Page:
Despite the importance of electronic health record interoperability to improving the state of overall care delivered in the U.S., several hurdles remain to get to seamless patient data exchange between providers, according to a new Government Accountability Office report.
The Office of the National Coordinator for Health IT has announced that it is providing $1 million in grants to support health information exchange and care coordination among providers that are not eligible for incentives from the Medicare and Medicaid Meaningful Use program.
The HITECH Act has helped initiate "significant" progress in the use of health IT, but has fallen short of its goal to create an efficient and effective healthcare system with the advanced use of health IT, according to a Robert Wood Johnson Foundation report.
Electronic health records are increasingly becoming an integral part of Medicare's accountable care organizations, according to the Centers for Medicare & Medicaid Services' 2014 quality and financial performance results.
Patient care coordination is the "key driver" to data sharing, but there are challenges accomplishing that goal, according to the Health IT Policy Committee's task force on clinical, technical, organizational and financial barriers to interoperability. In its Aug. 25 meeting, the task force summarized information from hearings held earlier in the month regarding obstacles to electronic health record interoperability.
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The White House Precision Medicine Initiative might do well to borrow some of the concepts already in use in health information exchange and health IT, according to comments released by the American Bar Association's Health Law Section on the proposed privacy and trust principles issued by the Precision Medicine Initiative Interagency Working Group.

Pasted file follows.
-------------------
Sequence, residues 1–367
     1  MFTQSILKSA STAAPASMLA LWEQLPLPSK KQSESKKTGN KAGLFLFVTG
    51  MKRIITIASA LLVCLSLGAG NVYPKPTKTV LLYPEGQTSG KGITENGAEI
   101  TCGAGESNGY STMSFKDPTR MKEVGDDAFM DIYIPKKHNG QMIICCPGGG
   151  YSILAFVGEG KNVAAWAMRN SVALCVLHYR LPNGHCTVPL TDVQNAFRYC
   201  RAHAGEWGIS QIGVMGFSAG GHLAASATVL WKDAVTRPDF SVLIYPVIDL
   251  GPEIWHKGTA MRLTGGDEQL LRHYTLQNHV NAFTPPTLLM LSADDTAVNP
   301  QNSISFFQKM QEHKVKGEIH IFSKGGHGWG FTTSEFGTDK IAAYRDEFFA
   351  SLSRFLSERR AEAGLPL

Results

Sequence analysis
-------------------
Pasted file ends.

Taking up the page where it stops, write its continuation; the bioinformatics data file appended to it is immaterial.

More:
The Health IT Standards Committee Advisory Task Force has held the last of its meetings to discuss the public comments received about the Office of the National Coordinator's 2015 Interoperability Standards Advisory.
While exchange of data between hospitals and outside providers is increasing, the industry still faces many barriers when it comes to interoperability.
The Department of Defense and the Department of Veterans Affairs have not met a key deadline in their quest for interoperability between their electronic health record systems, and need outcome-oriented metrics and goals to gauge their progress, according to a new report from the Government Accountability Office.